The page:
The Use of UV-C Light Technology in the Fight Against Superbugs
Over the past decade there has been plenty of media interest in the rise of the Superbug those infectious organisms that make hospital patients ill with secondary infections and in many cases cause death. Theres not much super about that. But they are super once infection occurs. They are incredibly difficult to treat because they have become resistant to traditional methods of destruction using antibiotics.
These Superbugs are not confined to perhaps the most famous, MRSA. They include names like:
Clostridium difficile (C.Diff)
Vancomycin-resistant enterococci (VRE)
Carbapenem-resistant Klebsiella pneumoniae (CRKP)
Necrotizing fasciitis, the flesh-eating bacterial disease
In 2010 there were 485 number of deaths in UK hospitals and care homes where MRSA was noted as cause. These figures are much worse in the US with an estimated 1.7 million being infected every year.
Most of these organisms are present naturally in our environment without making people ill under normal circumstances
Superbugs are invisible and can live up to three days on surfaces so it is incredibly easy to infect others especially those with compromised immune systems who may be weak through a primary illness or infection.
The infection transfer can occur when one infected person touches another or when a patient touches something like a stethoscope, TV remote control, telephone, computer mouse, tap, door handle or light switch on which the pathogen resides.
The rise of this problem has led to an increase in good hygiene practises within the UK healthcare system. Hand washing and sanitisation is at the front line of this best practise and through an effective media campaign has raised awareness amongst the public who visit patients (and who may unwittingly introduce infections onto hospital wards), healthcare workers and patients themselves who are often more scared of contracting a Superbug than the treatment of their original ailment.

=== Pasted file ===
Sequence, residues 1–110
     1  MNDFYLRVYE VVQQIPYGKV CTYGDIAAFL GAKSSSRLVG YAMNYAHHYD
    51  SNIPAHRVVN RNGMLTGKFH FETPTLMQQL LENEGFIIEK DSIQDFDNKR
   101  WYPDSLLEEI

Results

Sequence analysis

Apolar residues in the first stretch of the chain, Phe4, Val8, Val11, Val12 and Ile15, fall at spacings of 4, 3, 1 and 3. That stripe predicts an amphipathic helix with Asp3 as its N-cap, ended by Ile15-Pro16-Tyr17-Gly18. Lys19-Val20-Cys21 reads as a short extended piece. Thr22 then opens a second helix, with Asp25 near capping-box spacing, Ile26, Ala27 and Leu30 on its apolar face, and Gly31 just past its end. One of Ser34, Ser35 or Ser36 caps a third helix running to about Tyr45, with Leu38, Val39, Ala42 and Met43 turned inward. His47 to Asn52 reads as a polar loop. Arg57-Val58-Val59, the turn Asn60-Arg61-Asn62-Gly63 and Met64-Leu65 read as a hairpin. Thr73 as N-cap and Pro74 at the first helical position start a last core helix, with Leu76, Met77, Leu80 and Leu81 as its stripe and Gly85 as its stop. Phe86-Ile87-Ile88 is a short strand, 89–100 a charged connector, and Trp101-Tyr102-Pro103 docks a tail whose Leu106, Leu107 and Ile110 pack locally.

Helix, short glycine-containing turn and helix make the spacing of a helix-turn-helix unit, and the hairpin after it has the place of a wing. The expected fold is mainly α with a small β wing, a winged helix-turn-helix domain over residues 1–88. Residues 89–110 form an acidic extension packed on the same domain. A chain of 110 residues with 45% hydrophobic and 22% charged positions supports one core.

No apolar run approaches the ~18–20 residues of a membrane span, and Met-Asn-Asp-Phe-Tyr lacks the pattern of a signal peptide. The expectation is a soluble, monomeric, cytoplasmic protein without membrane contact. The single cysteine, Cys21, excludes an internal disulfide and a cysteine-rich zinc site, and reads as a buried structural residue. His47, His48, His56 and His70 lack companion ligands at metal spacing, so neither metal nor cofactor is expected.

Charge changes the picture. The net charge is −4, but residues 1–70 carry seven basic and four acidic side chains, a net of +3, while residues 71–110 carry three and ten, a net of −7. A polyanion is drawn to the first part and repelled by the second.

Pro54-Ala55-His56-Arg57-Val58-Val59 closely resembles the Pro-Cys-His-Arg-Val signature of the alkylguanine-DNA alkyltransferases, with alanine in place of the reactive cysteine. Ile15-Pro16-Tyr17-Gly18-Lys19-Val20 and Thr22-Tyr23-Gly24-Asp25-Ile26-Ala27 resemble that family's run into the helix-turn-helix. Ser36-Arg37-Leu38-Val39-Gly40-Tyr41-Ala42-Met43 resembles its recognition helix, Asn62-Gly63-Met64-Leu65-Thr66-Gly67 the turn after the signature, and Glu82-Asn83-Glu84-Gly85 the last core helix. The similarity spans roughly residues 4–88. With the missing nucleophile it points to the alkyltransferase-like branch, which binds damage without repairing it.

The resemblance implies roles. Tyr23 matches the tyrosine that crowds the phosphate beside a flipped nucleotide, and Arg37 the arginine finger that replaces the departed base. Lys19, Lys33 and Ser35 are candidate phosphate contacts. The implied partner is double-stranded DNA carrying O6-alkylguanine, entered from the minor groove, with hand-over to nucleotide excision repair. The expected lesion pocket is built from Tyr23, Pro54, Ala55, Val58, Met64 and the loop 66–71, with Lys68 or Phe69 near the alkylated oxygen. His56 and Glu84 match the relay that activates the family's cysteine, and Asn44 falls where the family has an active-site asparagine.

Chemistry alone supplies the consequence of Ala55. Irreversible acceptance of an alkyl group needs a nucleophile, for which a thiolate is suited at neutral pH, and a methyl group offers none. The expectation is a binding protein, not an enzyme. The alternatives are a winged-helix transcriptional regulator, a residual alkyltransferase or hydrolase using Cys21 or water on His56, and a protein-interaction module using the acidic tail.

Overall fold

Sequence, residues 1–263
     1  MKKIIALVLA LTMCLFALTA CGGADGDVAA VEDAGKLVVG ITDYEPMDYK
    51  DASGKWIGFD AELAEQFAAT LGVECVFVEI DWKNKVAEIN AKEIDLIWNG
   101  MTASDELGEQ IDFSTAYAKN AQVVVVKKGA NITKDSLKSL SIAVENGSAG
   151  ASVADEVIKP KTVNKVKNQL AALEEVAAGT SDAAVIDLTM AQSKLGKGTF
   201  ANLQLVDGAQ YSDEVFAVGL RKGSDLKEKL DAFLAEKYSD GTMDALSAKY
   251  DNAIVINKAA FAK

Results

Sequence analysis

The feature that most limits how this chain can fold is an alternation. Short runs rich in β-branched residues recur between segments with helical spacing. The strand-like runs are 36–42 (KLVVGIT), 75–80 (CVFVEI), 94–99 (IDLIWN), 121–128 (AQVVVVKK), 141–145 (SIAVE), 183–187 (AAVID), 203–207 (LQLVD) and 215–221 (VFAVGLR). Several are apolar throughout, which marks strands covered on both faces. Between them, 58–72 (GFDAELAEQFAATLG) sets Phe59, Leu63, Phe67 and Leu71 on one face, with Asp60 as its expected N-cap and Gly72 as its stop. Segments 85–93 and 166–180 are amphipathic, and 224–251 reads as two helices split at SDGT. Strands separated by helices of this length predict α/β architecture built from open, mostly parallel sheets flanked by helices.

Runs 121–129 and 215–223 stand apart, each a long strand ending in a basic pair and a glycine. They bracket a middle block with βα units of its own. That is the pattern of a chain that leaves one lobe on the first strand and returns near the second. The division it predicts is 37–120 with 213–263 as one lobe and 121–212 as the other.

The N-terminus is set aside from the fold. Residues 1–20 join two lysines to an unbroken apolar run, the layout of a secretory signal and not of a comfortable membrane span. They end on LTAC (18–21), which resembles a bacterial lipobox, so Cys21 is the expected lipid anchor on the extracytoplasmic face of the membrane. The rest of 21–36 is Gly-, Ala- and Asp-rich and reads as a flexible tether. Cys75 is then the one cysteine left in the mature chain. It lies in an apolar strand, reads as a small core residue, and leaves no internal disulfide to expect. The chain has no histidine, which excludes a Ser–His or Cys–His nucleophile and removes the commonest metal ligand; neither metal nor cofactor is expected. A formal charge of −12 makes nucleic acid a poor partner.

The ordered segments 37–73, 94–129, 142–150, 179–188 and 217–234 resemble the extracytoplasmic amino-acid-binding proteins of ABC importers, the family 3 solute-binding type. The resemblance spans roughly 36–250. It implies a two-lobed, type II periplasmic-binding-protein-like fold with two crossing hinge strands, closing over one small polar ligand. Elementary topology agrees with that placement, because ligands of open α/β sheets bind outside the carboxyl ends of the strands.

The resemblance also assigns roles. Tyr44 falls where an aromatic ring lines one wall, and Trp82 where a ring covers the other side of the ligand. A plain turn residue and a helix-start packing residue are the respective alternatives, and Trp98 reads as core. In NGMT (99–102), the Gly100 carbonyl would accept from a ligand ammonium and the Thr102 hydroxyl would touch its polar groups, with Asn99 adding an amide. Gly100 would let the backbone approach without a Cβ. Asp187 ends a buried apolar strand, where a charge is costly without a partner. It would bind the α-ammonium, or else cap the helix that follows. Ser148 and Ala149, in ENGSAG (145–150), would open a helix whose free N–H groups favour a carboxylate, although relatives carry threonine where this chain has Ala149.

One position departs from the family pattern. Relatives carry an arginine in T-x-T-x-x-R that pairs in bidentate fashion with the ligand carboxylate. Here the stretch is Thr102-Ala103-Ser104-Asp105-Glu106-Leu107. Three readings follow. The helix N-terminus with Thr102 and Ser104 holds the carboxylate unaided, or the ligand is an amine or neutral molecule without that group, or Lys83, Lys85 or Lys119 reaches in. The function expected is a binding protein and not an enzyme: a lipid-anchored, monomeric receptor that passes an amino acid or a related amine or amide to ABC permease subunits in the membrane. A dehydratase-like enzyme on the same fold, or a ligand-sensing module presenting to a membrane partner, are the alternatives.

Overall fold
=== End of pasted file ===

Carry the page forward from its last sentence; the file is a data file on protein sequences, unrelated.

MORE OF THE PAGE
UV-C light has also been earmarked as a possible tool in the armoury.
UV-C light is not a new technology for sanitising and killing germs. In fact it has been used since the late 1880s to kill microorganisms. It was used extensively after World War II for sterilising air in hospitals, food storage areas and pharmaceutical plants. It was then used in the 1950s in the war against Tuberculosis.
In the 1960s new drugs and sterilising cleaners were introduced and the use of UV-C light technology fell out of favour.
However UV-C light has been trialled as the new tool to combat Superbugs in healthcare
settings. It has been hailed as a good natural alternative that is clean and easy to use. It is safe and leaves no chemical smells or residue to further upset patients. It is especially useful to continuously disinfect wards and isolation rooms and although it should never been seen as an alternative to regular and rigorous cleaning routines it does provide a belt and braces safety net.
UV-C light uses short-wave ultraviolet radiation, in the C band (200 to 280 nanometers). Also referred to as UVGI (ultraviolet germicidal irradiation), UV-C penetrates the outer structure of
the cell and alters the DNA molecule, preventing replication and causing cell death. Scientific research have demonstrated that UV-C germicidal light is an effective and proven method against
germs, bacteria and viruses.
It seems that UV-C light technology may offer a real and very effective way to combat Superbugs and with more hospitals trialling its use we can only hope that an end is in sight to the misery of MRSA and C.Difficle amongst our sick and elderly hospital patients.
Rose Latchman-Bloom is the Owner of MBR Imports UK Ltd who our distributors for the UVC Miracle Wand and associated UVC Light Technologies in the UK. The products provide
UVC germ control
for the home, hospitality sector, catering industry and childrens nurseries. Rose has many years of experience researching and is herself a trained healthcare professional.Web:
The Use of UV-C Light Technology in the Fight Against Superbugs}